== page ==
Which leads to a final question: If it was reasonable to treat these 2 Americans, shouldn't the experimental treatment also be provided to the Africans? Callous as it may seem, the answer is no—or, at least, not yet. The threshold for determining that an individual patient receive access to a highly experimental drug on a compassionate-use basis (5) does, and should, differ from the threshold for rolling out a treatment program to an entire community, even one facing a life-threatening epidemic.

Drug testing requirements are designed to ensure that drugs are sufficiently safe and effective to be recommended to the public. No such evidence exists for these drugs. Moreover, U.S. researchers have been accused many times of exploitation (including of poor people in Africa) when testing new treatments during devastating public health outbreaks (6–8).

The visibility of the 2 treated Americans, however, has been a catalyst for debating whether, or under what circumstances, distribution of experimental drugs in Africa is warranted. The World Health Organization will convene a panel to address this question (9). In addition to considering the safety risks of untested treatments, the risk that they will be ineffective must also be considered. A top priority in this, and any, public health emergency is public health cooperation: The affected people must be willing to follow directions from international and local health authorities with regard to, for example, whether to assemble and how to handle the bodies of those who are sick or have died. What is at stake in a decision about using experimental treatments may be far greater than the risks to the individuals who take them.

Thus, risk and benefit must be evaluated expansively. A well-orchestrated public communications strategy must be a component of any rollout to reduce rumors and misconceptions (10). Any rollout must also proceed with caution. It should include small numbers of individuals and ones selected for their—or their families'—ability to provide meaningful informed consent. Starting with small numbers is itself a protection, as is an unwavering commitment to ongoing data collection. Ultimately, such data will be our best ethical guide.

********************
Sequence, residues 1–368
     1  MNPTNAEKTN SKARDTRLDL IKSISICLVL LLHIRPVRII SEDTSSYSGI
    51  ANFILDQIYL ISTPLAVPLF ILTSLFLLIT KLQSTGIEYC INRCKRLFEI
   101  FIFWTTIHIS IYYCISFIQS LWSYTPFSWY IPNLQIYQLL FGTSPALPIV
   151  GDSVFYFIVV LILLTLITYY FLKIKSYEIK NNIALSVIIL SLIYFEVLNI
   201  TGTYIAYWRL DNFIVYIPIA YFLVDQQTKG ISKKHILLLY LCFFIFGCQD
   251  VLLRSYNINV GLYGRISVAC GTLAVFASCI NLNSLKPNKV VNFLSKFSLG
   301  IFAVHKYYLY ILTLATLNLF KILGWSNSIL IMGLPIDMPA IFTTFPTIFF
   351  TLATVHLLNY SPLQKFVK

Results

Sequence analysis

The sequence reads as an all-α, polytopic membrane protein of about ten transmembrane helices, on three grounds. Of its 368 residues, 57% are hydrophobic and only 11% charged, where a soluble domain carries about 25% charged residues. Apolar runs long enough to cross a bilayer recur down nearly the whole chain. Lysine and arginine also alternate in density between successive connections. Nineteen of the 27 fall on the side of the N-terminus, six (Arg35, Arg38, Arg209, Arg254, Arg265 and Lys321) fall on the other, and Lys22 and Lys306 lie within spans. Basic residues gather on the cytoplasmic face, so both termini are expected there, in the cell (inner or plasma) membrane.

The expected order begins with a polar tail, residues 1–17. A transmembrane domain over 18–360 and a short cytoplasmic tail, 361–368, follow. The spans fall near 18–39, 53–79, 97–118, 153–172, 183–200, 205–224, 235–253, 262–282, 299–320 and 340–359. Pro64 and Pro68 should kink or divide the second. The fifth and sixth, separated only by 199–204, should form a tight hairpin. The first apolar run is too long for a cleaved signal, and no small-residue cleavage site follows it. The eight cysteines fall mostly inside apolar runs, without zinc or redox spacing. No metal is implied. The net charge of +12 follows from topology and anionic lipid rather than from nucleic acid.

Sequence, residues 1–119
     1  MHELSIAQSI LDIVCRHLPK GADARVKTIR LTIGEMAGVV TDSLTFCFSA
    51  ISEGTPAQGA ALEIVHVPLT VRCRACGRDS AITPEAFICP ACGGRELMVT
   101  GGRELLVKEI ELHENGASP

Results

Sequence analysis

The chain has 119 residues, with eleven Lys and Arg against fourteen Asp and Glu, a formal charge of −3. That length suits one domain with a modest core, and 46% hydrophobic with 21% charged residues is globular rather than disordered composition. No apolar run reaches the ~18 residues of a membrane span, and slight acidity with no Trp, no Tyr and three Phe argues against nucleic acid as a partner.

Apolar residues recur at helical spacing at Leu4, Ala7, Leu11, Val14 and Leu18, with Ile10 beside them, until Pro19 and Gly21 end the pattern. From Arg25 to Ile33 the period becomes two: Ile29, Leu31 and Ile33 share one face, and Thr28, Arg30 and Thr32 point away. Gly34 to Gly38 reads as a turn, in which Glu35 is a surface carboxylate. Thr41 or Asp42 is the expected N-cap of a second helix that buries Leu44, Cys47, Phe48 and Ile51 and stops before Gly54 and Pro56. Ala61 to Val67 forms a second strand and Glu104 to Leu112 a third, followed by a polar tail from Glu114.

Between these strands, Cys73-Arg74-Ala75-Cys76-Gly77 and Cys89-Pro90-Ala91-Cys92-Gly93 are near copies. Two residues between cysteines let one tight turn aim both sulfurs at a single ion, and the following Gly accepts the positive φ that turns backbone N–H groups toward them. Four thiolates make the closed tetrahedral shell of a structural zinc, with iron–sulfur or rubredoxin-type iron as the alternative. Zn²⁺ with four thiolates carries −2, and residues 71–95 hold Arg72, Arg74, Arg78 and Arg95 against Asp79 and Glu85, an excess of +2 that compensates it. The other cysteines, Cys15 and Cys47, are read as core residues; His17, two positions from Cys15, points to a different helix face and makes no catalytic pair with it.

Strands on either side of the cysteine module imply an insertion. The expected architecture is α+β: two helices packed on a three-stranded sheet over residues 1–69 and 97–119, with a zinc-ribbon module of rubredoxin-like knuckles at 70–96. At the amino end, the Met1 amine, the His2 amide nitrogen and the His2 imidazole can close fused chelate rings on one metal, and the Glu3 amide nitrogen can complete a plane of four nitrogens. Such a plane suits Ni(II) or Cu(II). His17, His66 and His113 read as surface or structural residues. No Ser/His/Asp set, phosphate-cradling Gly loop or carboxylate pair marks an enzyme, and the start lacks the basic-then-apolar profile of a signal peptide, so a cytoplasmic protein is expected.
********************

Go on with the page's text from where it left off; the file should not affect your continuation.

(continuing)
References

World Health Organization.  Ebola virus disease, West Africa—Update 6 August 2014. Brazzaville, Republic of Congo: World Health Organization; 2014. Accessed at www.afro.who.int/en/clusters-a-programmes/dpc/epidemic-a-pandemic-alert-and-response/outbreak-news/4240-ebola-virus-disease-west-africa-6-august-2014.html on 7 August 2014.
 
American Medical Association. Code of ethics of the American Medical Association. Adopted May 1847. Philadelphia: Turner Hamilton; 1871.
 
Loria K.  Here's everything we know about the “secret serum' used to treat an American with Ebola. Business Insider. 4 August 2014. Accessed at www.businessinsider.com/zmapp-serum-used-to-treat-ebola-infected-americans-2014-8 on 6 August 2014.
 
Mapp Biopharmaceutical.  ZMapp Information Sheet. San Diego: Mapp Biopharmaceutical; 2014. Accessed at www.mappbio.com/zmapinfo.pdf on 6 August 2014.
 
U.S. Food and Drug Administration.  Final rules for expanded access to investigational drugs for treatment use and charging for investigational drugs. Silver Spring, MD: U.S. Food and Drug Administration; 2013. Accessed at www.fda.gov/drugs/developmentapprovalprocess/howdrugsaredevelopedandapproved/approvalapplications/investigationalnewdrugindapplication/ucm172492.htm on 6 August 2014.